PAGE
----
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New Aspects of Axonal Structure and Function
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Main description:

Axons are neuronal output elements and are responsible for the transfer and processing of signals from one neuron to another, even over very large distances. For a given neuronal cell type, axons are unique and display very heterogeneous patterns with respect to shape, length and target structure. Axons are the usually long process of a nerve fiber that generally conducts impulses away from the body of the nerve cell. This book is intended to summarize recent findings covering morphological, physiological, developmental, computational and pathophysiological aspects of axons. It attempts to cover new findings concerning axonal structure and functions together with their implications for signal transduction, processes implicated in the formation of axonal arbors and the transport of subcellular elements to their targets, and finally how a dysfunction in one or several of these steps could lead to axonal degeneration and ultimately to neurodegenerative diseases.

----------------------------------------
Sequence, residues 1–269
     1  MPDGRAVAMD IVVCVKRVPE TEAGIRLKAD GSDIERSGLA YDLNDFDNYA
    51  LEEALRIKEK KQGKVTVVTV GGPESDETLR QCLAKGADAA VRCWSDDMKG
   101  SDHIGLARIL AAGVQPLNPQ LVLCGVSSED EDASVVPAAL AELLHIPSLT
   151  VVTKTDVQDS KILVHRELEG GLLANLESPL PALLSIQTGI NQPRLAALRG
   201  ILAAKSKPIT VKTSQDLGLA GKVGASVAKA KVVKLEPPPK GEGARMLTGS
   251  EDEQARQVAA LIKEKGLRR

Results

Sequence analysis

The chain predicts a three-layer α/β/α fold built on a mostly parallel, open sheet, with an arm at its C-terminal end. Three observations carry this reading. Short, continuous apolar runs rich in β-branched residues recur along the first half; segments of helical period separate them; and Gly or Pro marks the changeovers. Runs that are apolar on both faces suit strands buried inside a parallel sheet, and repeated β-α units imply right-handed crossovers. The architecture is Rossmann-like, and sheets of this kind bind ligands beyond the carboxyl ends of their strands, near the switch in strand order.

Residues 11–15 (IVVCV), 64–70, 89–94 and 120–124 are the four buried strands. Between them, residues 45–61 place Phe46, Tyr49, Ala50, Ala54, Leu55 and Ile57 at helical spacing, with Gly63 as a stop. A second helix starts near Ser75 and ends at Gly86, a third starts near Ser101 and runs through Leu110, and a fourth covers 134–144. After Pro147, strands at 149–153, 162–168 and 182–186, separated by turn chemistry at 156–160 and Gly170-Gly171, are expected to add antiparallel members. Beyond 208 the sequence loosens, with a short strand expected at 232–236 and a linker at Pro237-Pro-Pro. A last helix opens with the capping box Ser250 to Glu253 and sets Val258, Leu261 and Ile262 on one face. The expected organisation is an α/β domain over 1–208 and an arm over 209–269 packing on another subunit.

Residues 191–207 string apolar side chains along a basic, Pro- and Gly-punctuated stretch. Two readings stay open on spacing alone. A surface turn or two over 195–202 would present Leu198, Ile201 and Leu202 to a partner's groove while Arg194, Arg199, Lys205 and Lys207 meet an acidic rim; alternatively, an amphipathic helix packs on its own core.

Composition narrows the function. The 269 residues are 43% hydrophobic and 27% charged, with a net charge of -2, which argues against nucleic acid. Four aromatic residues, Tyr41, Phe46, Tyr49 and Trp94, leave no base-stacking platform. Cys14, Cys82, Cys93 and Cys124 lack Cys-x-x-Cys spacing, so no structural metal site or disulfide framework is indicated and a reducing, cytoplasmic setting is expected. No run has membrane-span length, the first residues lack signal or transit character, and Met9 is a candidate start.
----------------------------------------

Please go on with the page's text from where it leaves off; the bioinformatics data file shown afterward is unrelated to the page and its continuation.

Feature:

Summarizes recent findings covering morphological, physiological, developmental, computational and pathophysiological aspects of axons.

Covers new findings concerning axonal structure and functions together with their implications for signal transduction in the nervous system.

Describes the processes implicated in the formation of axonal arbors and the transport of subcellular elements to their targets.